The Role of Genetic Testing in Occupational Health

“Every day, 6,300 people die as a result of occupational accidents or work-related diseases – more than 2.3 million deaths per year.” – International Labour Organisation

This statistical information should be regarded as a guide for all employers and HR consultants in their efforts to uphold the well-being of staff. The said data should be a constant reminder of why offices and work facilities should be optimised to become an area where people can work safely or why protective gear should be provided and its use consistently enforced in sites that inherently pose hazards.

However, in this technologically advanced age, there are new considerations for occupational health. Now, a DNA test can be utilised to evaluate an employee’s chances of developing certain diseases or conditions as a result of his exposure to certain chemicals and substances. It can also be used as reference for future insurance considerations. It can also be utilised to assess whether a candidate is physically suitable for the job at hand. These applications affect certain ethical issues, though. There is always a risk that staff may be dismissed not because of illness but due to scientific evidence showing his predisposition to the said health condition. Thus, the said uses of DNA testing can be avenues for discrimination, as well as the loss of privacy with very personal records such as genetic information.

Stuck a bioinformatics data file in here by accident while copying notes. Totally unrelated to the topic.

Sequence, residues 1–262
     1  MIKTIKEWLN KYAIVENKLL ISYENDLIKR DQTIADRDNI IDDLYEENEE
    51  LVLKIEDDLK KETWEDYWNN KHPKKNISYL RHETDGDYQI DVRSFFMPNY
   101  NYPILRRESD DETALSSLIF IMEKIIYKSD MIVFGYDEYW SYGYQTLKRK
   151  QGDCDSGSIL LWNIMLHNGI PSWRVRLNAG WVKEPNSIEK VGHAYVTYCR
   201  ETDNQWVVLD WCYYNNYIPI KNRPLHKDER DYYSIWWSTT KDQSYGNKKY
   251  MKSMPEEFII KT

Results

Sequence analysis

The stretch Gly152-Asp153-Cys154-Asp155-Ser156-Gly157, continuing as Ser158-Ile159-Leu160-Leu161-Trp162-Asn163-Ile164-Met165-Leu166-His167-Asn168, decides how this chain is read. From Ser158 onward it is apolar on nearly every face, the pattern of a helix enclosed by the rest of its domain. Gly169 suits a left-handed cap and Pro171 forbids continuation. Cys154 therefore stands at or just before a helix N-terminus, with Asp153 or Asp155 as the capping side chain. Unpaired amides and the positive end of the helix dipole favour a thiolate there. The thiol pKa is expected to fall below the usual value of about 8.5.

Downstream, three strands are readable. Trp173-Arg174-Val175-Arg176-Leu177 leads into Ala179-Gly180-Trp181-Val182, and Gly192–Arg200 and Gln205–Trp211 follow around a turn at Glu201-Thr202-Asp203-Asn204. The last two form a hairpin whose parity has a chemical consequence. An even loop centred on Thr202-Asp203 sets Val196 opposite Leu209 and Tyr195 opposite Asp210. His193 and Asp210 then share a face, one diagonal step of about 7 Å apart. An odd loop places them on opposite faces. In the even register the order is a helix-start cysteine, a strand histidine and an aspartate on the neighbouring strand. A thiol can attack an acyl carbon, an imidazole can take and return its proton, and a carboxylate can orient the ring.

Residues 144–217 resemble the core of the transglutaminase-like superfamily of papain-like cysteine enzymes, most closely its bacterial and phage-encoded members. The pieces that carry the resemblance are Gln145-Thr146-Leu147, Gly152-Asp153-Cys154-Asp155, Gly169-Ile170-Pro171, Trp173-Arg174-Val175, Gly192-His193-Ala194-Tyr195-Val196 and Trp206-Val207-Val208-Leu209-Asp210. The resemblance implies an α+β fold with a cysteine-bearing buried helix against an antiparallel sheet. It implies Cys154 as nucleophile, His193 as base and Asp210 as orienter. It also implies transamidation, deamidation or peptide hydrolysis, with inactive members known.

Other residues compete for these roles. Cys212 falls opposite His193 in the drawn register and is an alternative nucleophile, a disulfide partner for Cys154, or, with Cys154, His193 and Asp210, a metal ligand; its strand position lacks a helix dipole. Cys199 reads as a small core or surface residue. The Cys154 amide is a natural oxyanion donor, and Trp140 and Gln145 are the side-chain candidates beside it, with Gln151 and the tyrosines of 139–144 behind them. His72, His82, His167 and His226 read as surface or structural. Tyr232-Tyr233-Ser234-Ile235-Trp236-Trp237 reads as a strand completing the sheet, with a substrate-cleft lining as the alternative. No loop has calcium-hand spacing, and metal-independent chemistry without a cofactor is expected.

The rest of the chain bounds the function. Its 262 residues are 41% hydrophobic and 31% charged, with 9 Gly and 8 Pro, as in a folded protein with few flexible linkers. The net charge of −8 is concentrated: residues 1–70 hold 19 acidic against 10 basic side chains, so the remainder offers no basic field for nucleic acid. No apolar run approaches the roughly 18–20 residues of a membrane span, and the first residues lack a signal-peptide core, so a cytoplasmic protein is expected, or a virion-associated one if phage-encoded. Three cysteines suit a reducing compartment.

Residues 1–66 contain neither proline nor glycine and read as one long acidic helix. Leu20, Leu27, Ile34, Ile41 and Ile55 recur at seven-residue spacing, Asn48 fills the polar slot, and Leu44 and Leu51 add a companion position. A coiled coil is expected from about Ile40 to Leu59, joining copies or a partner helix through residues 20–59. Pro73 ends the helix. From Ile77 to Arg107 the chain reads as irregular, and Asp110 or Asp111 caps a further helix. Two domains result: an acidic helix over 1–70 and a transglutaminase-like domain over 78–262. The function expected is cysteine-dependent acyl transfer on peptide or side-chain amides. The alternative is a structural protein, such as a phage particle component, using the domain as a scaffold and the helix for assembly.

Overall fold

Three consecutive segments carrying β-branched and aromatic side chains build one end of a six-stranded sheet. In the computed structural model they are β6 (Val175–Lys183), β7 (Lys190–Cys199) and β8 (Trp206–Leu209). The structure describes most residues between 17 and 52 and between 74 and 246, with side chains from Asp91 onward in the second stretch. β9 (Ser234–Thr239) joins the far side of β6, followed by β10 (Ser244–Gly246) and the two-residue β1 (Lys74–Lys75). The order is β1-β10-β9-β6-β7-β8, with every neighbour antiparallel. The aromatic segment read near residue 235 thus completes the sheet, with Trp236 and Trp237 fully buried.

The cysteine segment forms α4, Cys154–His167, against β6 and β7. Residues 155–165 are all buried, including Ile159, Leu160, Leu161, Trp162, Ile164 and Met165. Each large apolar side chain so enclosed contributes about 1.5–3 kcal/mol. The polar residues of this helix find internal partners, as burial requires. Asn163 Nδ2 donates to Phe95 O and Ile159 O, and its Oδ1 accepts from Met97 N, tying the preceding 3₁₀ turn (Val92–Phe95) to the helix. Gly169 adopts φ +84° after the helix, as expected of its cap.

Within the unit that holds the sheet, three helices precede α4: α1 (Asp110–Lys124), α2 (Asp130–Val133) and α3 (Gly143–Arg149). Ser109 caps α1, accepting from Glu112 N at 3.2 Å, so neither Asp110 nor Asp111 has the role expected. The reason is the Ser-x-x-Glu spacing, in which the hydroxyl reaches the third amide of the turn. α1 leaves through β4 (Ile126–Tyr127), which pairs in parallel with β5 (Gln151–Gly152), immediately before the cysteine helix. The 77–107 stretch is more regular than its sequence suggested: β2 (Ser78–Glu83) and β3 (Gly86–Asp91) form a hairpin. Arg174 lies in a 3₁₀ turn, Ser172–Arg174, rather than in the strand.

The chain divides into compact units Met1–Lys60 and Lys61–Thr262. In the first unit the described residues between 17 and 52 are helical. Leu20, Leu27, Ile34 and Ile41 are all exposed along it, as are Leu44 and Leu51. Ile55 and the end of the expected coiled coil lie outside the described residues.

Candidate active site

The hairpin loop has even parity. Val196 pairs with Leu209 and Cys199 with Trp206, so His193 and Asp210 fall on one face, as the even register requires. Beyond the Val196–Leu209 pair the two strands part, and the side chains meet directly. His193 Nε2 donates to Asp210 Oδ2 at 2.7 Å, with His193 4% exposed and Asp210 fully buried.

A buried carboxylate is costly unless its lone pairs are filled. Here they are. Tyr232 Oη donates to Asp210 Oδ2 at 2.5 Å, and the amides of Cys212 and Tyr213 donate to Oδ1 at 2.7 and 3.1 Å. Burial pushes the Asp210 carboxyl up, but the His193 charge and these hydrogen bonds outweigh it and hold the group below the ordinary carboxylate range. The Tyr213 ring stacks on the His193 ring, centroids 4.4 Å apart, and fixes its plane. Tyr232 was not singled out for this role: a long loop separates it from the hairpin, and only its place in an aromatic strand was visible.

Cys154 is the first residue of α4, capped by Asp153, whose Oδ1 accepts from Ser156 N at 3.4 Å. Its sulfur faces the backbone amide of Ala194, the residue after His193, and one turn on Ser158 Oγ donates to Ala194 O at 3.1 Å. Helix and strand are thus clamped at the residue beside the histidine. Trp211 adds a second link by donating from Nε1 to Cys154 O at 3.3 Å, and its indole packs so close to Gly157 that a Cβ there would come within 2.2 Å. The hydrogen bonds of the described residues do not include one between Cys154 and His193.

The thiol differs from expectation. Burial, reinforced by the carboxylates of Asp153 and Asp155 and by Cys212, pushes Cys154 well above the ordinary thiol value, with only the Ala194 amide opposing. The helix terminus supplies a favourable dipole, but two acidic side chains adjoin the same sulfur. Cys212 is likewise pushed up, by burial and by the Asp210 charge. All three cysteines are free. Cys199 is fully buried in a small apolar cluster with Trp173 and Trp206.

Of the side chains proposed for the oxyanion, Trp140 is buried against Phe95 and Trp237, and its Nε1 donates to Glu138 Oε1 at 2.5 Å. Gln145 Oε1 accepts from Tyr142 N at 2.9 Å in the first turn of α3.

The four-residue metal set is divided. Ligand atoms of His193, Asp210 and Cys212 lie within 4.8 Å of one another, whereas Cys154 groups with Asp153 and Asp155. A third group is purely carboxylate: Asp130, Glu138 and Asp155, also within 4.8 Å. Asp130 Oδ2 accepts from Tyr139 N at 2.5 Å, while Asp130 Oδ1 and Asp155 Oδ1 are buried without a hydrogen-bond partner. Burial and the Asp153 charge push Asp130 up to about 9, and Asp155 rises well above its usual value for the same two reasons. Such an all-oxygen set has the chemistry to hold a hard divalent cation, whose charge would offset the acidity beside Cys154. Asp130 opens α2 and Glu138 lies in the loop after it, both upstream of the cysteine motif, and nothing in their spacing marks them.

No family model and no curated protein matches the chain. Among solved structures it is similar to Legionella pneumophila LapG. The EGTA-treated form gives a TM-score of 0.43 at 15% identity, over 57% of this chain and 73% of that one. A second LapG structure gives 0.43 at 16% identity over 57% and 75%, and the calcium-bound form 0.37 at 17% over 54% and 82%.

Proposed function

It must be noted that genes are not the only sole predictors of human well-being. You have to take the environment and lifestyle in consideration, too. Let’s take your company set-up as an example. If you, as employer, do not allocate enough leave benefits or facilitate sanitation in the work place, then it is highly likely that your labourers will get sick. You do not need a DNA assessment result to tell you that. Admittedly, it is also possible that you will encounter staff prone to having health problems despite the fact that you have been particular about making your premises an ideal facility to work in. However, general medical exam results can give you enough clues to the level of physical fitness of the said individual. So, if DNA evaluations for occupational purposes become widespread in the corporate sector, think twice before joining the crowd due to the abovementioned facts. But, be on the lookout for new developments in genetics that will help you increase productivity in the workplace without violating ethical norms.